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Current position of the SSV Corwith Cramer. Click on the vessel to view position history. Use the layer tools, top right, to change the map style or to view data layers. Dates and times use GMT (Greenwich Mean Time).

SEA Currents: SSV Corwith Cramer

October 07, 2016

Sweaty bodies, sweating lines

Yarrow Randall, American University

The Global Ocean: Europe

All of A watch at 1900. Amanda, Dan, Meredith, Ida, and Yarrow.

Ship's Log

39°10.9’ x 002°45.3’E

Western Mediterranean, south of Mallorca


Souls on Board

Hello from the middle of the sea!

After the wild winds of last night, walking up on deck into the cool breezes and sunshine the following afternoon was quite refreshing. Earlier, the Morning Watch deployed the shipek grab twice and collected sediment samples for Dan and Ellen’s research project. They also deployed the carousel to get water samples at different depths for Allie, Jared and Spencer’s project on nutrient levels.

To continue smooth sailing, we had to gybe in order to get ourselves on a starboard tack to put up the jib tops’l (JT) for the first time this trip. Once we hauled the JT up, we had to gybe again to continue on a port tack. To make sure the lines are properly secure and tight, we have to sweat the lines, which involves pulling the line in a triangle motion to pull out the slack. It is a lot of work and in the sun, results in a sweaty body. The process of setting or trimming the sails can also be a bit perplexing, this time, I understood about 40% of what Allison (our deck officer) asked me to do without further explanation, which is up from 0% just a few short days ago.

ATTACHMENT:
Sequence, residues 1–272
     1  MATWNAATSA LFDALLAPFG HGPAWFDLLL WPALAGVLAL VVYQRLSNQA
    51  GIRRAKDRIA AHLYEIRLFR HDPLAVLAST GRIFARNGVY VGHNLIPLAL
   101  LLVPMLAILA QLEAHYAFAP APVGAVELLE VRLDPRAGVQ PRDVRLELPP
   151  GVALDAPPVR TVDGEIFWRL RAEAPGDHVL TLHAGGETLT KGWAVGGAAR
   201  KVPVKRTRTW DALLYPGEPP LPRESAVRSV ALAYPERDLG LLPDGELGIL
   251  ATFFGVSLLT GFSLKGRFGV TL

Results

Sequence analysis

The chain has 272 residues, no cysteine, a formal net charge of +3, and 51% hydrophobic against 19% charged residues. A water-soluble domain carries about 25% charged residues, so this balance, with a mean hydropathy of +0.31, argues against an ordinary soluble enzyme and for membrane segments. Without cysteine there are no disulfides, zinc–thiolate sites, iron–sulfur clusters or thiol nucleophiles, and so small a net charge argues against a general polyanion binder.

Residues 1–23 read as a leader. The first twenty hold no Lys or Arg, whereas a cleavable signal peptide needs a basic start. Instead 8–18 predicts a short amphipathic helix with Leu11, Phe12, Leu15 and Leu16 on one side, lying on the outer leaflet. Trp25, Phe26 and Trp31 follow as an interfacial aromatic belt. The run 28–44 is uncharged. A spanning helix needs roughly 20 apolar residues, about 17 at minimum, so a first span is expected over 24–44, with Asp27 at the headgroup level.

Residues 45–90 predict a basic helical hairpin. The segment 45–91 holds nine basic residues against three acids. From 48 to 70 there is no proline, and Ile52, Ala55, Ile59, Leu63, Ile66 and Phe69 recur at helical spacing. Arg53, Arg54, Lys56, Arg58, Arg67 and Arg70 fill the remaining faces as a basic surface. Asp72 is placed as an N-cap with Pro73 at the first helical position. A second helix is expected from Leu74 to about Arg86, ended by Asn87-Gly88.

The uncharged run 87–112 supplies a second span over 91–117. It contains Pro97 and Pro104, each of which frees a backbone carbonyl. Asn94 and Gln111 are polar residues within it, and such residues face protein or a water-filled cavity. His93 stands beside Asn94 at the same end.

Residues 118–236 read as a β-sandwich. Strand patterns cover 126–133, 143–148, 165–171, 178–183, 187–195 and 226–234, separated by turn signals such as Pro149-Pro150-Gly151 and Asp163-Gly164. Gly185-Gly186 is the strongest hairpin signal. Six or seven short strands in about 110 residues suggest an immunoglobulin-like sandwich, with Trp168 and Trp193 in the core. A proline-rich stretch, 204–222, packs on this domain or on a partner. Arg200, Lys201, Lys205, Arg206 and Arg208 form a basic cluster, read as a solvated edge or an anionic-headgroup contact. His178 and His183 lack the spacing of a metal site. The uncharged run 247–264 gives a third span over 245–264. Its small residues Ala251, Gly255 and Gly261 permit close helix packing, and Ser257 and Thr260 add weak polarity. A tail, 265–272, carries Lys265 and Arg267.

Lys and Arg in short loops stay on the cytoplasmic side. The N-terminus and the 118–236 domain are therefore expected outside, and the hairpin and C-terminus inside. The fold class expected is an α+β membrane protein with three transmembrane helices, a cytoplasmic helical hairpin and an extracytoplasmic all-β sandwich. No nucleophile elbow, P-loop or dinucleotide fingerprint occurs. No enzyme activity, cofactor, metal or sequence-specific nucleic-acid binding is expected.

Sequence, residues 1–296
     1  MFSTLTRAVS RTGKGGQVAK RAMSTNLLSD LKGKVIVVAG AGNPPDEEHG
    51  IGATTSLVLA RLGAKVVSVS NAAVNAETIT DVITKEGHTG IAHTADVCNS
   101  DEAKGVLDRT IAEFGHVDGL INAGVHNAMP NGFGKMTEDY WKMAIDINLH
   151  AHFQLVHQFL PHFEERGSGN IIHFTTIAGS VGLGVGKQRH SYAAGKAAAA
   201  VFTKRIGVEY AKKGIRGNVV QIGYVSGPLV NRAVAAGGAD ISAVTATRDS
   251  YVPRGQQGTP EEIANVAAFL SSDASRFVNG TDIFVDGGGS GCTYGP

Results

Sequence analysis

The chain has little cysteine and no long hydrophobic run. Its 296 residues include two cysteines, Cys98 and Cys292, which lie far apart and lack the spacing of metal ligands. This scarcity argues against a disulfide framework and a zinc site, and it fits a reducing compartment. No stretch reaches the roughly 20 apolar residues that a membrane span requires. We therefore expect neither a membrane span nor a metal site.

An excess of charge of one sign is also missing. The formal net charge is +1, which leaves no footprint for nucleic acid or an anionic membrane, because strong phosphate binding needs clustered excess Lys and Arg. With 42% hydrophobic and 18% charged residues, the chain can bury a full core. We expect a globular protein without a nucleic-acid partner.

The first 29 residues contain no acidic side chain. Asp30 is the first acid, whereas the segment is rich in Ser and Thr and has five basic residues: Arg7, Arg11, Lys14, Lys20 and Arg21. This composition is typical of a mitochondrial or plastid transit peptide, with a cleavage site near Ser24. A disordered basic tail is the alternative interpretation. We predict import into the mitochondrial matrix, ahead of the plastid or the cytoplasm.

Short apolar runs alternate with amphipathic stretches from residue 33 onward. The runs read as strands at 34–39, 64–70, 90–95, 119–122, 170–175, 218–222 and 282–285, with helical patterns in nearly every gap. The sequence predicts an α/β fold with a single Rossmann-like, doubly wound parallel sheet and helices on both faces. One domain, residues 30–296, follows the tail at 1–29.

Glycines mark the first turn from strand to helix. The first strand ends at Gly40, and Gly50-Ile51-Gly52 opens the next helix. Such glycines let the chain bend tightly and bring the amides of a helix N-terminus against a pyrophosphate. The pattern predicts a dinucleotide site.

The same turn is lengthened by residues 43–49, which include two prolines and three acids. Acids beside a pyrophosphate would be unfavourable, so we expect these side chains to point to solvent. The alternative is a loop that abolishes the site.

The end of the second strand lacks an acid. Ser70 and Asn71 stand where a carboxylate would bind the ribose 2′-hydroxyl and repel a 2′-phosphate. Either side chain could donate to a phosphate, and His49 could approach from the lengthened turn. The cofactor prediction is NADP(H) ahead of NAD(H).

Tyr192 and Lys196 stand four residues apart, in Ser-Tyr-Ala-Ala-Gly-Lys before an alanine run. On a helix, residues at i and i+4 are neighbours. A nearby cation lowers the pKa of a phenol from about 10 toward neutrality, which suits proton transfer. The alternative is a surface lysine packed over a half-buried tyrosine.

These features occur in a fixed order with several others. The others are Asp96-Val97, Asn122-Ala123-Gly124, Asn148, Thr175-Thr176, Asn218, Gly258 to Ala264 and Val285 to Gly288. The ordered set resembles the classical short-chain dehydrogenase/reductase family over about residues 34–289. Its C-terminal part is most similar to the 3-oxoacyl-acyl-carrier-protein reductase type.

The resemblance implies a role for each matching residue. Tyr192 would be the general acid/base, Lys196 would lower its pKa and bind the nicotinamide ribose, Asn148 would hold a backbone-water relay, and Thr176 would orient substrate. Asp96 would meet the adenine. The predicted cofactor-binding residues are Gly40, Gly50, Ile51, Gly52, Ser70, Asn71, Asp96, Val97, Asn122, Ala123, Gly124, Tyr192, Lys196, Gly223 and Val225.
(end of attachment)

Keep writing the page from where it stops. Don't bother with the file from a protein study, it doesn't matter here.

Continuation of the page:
My assignment for the day was lab work, but the whole watch needs to work together to handle the sails and get us set on a proper course with the right sail plan for the winds we have. Once that was done, I returned to the lab with Ida, and we started to process the samples from the earlier deployments with the direction and assistance of our assistant scientist, Gabi. We sifted the sediments through sieves and saved the larger organisms and shells for Dan and Ellen. We also processed the chlorophyll a and pH from the different depths. It was not just an afternoon of working through the samples, though. I also had a chance to do one of my favorite tasks in lab; the 6 minute observations every hour. For 6 minutes we look around for any birds, fish, mammals, and marine debris in the environment around us. It’s super awesome to set aside the time to just observe and be aware of our surroundings.

Watch was broken up by our afternoon class in which we learned how phosphate and nitrate levels are measured during port stops and we learned about temporal patterns in our temperature and salinity along our cruise track. We also learned how the mechanisms of the carousel work and how to properly collect the water samples from the niskin bottles.

After watch was over at 1900 we had a nice dinner of steak, sweet potato mash, and zucchini. The evening was spent playing games, working on homework, and crafting for a surprise.

- Yarrow

PS: To my lovely family and friends all over the world – I miss you all and think about you often. I am sending you all my love!

Categories: Corwith Cramer,The Global Ocean: Europe, • Topics: c269  science  research  sailing • (1) Comments


Leave a public comment for students and crew to read when they reach their next port and have access to the internet!

#1. Posted by Sylvia Barclay on October 13, 2016

Sounds like a lot of work, but fun and interesting, also.  Hope you prior training with me at the Road Scholar Sailing Camp helped, NOT!  You will have a new appreciation of sails for sure.
Thinking of you often,



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